February 3, 2023

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A one-of-a kind manager and the birth of Harvey's Wallbangers

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This story was excerpted from Adam McCalvy’s Brewers Beat newsletter. To read the full newsletter, click here. And subscribe to get it regularly in your inbox.

It’s been 40 years since the Brewers won the American League pennant, and we are periodically dedicating space in this newsletter to check in with the Crew in ‘82. This week: The birth of Harvey’s Wallbangers.

Harvey Kuenn was not the first choice to take over as Brewers manager when the team’s sluggish start cost Buck Rodgers the job on June 2, 1982. But he was the right choice.

Kuenn was Wisconsin, through and through. He was born in West Allis and spent most of his boyhood on Milwaukee’s south side. He played baseball at the University of Wisconsin and married a former Miss Wisconsin. He became a hitting star for the Detroit Tigers, winning American League Rookie of the Year honors in 1953, a batting title in ‘59 and making eight straight All-Star teams before eventually returning home to be Brewers hitting coach in 1971. Kuenn had gravitas, just ask Hall of Famer Robin Yount.

In 1974, Yount’s rookie season, the Brewers were out on the road somewhere. Yount says it doesn’t matter where. He was with Charlie Moore and Jim Slaton, making lots of noise in a hotel room that must have been one floor above Kuenn’s. Suddenly, there was a terrible pounding on the door.

“Now, we were not very good in those days, so we didn’t play very well most of the time, but at this particular time we really weren’t playing well, so Harvey’s fuse was short,” Yount said. “He comes knocking on the door, walks in and says, ‘Sit down!’ Harvey goes right down the line and says, ‘If it wasn’t for being a Milwaukee Brewer, on a last place team and the worst team in baseball, the three of you guys wouldn’t even be in the big leagues!’

“He went right down the row. Each one of us. Told us how bad we were and how we’re the luckiest guys in the world to be on that team. It was like a wake-up call. It isn’t all fun and games at this level. This was about results. He tore us up, and deservedly so. We loved him. That was like getting chewed out by your father.”

Kuenn endured medical problems beginning in the mid-1970’s including open-heart surgery in ’76 and a stomach ailment that sidelined him for much of ‘77. In 1980, after suffering from a blood clot, Kuenn’s right leg was amputated just below the knee. Six months later, he was back at work, ambling around on a wooden leg (which you’ll find today hanging above the bar at Fourth Base, not far from American Family Field).

In May 1982, when the Brewers ended the month with a 22-24 record under Rodgers, GM Harry Dalton and owner Bud Selig were ready to make a change. Selig asked the team’s captain, Sal Bando, if he wanted to take over as manager.

Bando declined, so the job went to Kuenn.

“Harvey was the right guy at the right time,” Bando said. “Buck Rodgers was always having his hands on everything. Harvey came in and left guys alone and let them play,”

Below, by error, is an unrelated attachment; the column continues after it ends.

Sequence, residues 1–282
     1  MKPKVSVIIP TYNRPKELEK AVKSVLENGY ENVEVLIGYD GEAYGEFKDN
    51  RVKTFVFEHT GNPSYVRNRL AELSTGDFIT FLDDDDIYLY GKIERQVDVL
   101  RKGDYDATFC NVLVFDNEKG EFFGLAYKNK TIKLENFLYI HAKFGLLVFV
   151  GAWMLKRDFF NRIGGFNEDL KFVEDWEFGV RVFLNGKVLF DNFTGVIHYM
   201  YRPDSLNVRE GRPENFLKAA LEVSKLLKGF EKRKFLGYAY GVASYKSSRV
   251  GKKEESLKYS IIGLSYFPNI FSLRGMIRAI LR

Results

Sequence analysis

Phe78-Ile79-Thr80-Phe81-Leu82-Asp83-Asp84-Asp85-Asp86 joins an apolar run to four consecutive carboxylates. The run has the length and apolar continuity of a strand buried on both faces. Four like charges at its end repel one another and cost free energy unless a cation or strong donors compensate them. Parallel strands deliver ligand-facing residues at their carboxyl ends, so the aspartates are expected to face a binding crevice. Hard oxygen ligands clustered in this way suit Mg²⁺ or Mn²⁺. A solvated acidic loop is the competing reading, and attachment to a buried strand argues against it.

“He fit in perfectly with us,” said infielder Don Money. “It was one of those special things that you never forget. Even though he was my boss, he was just like a father to me.”

Kuenn adopted a more hands-off approach with the veteran Brewers, and the rest is history. They went 72-43 the rest of the way and clinched the franchise’s first division championship on the final day of the regular season, then played all the way to Game 7 of the World Series against the Cardinals.

Kuenn’s philosophy was simple, as he explained to Sports Illustrated in the summer of ‘82.

“Stay within yourself, and play sound fundamental baseball. The less you have to worry about, the better you do,” Kuenn told the magazine.

“He made the greatest speech for a manager’s first night ever, and I’ve seen a lot of managers,” said Hall of Fame catcher Ted Simmons. “We’re all sitting in there, and he’s peg-legging his way out of his office to the center of the room.”

Simmons bangs on the table methodically for effect.

“He says, ‘OK, boys. I’m going to tell you one thing, and this is the only thing I want you to know: I hate meetings. And this meeting is over.”

Simmons laughs and bangs on the table again to simulate Kuenn’s retreat.

“That’s the only thing you need to know about Harvey,” Simmons said.

“That may have been the only meeting we ever had,” Jim Gantner said.

“We were like birds in a cage,” Ben Oglivie told SI in ‘82. “He opened it and — freedom!”

Kuenn returned for a full season in ‘83 but was dismissed by Dalton after a disappointing September. It was part of a stretch in which the Brewers employed six managers in six years, including George Bamberger twice.

Kuenn stayed with the organization as a scout and Minor League instructor, and remained close with his players until he passed away in 1988. And when we say close, we mean it. In Spring Training when he was manager, Kuenn and his wife, Audrey, regularly had players over for dinner. During the season, they often gathered a few blocks away from County Stadium at Cesar’s Inn on 56th St. and National Ave., a tavern run by Audrey and Harvey. If he was dad to the players, Audrey was mom.

Harvey was inducted into the Brewers Walk of Fame in 2005.

“We were like a family,” said Audrey Kuenn, who passed away in 2020. “It was just the neatest group of people you ever wanted to meet. I don’t think we’ll ever see it again, not like it was then. Where can you find a one-legged manager that has a tavern across the street from the ballpark?”

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